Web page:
UHWI glad to collaborate for Gleaner 5K
As The Gleaner tries to enrich minds, it attempts to help those who heal broken bodies.
Part proceeds of The Gleaner's 180th Anniversary 5K Run, scheduled for Saturday, September 13, will go to the Physiotherapy Department of the University Hospital of the West Indies (UHWI).
Grace Stephenson, deputy director of physiotherapy services at the hospital, noted the department offers both inpatient and outpatient services. Its work encompasses a wide cross-section of ailments and not just sports-related injuries.
"We treat pulmonary conditions such as asthma, bronchitis, pneumonia," she said. "We treat neurological conditions like stroke, paraplegia, Down's syndrome; and we treat burns and conditions that are associated with lifestyle diseases such as heart disease, diabetes and hypertension."
Dependent on the specific circumstances, one therapist may see up to 10 patients daily.
Stephenson explained that for the past three years, the department has hosted its own 5K walk/run on the combined Ring Road of the UHWI and the University of the West Indies, Mona campus. They had arranged one for September 13, the same date as the Gleaner walk/run this year.
"So we decided to collaborate and put the two of them together," she said. "It is good because we are the part-beneficiary and we'll be getting part proceeds, up to 1,000 entrants." But for her and the staff, it's more than the funds raised; the publicity will be even more invaluable.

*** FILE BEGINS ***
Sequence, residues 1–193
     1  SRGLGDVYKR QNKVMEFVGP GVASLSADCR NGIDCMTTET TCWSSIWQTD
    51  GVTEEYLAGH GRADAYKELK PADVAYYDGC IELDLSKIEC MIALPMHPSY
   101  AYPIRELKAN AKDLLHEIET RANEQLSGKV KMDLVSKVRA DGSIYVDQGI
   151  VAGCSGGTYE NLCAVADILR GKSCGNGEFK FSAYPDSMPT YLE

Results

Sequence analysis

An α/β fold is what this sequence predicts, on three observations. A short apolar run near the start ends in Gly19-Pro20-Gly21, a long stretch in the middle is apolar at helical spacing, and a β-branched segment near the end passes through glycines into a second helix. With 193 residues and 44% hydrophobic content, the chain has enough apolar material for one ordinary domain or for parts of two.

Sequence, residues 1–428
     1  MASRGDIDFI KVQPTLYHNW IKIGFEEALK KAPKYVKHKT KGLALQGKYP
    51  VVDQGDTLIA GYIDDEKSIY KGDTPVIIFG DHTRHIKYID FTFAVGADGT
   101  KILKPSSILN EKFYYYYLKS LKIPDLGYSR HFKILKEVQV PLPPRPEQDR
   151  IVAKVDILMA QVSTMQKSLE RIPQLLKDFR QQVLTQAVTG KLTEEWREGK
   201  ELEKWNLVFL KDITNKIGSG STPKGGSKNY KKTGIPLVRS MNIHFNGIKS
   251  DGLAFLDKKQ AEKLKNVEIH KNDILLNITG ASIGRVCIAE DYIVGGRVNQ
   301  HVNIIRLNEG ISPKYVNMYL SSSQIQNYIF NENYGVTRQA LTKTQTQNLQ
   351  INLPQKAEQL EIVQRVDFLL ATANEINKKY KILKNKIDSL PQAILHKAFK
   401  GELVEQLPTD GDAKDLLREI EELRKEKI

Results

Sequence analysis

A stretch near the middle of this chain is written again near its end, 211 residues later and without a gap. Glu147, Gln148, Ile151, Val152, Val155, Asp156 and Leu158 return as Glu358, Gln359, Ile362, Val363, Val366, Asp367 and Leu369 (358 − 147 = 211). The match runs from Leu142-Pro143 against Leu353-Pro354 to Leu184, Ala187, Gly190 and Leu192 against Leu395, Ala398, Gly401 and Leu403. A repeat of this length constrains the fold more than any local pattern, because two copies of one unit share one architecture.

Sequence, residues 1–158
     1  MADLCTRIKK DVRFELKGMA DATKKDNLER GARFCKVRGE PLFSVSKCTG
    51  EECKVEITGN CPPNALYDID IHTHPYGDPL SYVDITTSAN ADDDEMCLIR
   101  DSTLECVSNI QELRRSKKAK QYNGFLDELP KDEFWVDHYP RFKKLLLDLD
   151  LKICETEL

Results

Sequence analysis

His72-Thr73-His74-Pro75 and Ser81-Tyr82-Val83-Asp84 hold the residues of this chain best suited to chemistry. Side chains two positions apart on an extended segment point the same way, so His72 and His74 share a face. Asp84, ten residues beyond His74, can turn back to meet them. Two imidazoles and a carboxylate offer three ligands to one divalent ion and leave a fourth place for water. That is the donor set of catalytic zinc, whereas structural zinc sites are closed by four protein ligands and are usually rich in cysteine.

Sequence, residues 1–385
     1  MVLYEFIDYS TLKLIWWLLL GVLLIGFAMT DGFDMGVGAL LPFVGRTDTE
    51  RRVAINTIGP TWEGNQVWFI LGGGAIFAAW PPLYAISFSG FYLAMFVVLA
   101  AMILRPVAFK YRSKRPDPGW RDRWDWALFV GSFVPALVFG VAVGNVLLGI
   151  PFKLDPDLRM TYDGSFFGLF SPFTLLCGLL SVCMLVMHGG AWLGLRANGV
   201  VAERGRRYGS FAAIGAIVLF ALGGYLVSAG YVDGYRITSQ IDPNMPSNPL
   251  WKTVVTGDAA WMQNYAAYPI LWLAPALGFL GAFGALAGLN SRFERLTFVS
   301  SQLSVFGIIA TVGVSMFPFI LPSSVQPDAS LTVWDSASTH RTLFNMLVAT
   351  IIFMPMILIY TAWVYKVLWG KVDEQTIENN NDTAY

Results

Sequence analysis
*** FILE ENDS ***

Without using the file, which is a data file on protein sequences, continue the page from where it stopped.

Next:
"The collaboration with The Gleaner also gives us the opportunity to broadcast physiotherapy, to spread it so that everybody can know about it," she said.
While many people are not aware of their work, perhaps the biggest challenge facing the department, according to Stephenson, is a lack of equipment.
"We currently have a department that is under construction, so we're going to need equipment to outfit that department," she said.
As the need for physiotherapy increases, the department looks to expand its services in developing, maintaining and restoring a person's maximum movement and functionality.
Alfred Francis of Running Events Jamaica will not only be helping to organise the 5K, he is a living testimony of the department's work. In 2013, he was diagnosed with Guillain-Barré syndrome, a disorder in which the body's immune system attacks part of the peripheral nervous system. He was totally paralysed. He encouraged persons to not only support the run, but to donate in kind as well.
"There are persons who probably have equipment at their home like a nice treadmill that they're not using, like some dumbells - things like that, that persons probably don't know what to do with them," he said. Francis noted that his recovery was aided not just by using machines like a treadmill but also simpler equipment like stretch bands.
"So persons who … have these equipment, you can donate them."
Other equipment being sought include cycle ergometry (stationary bicycle), trampoline, and strength-training machines.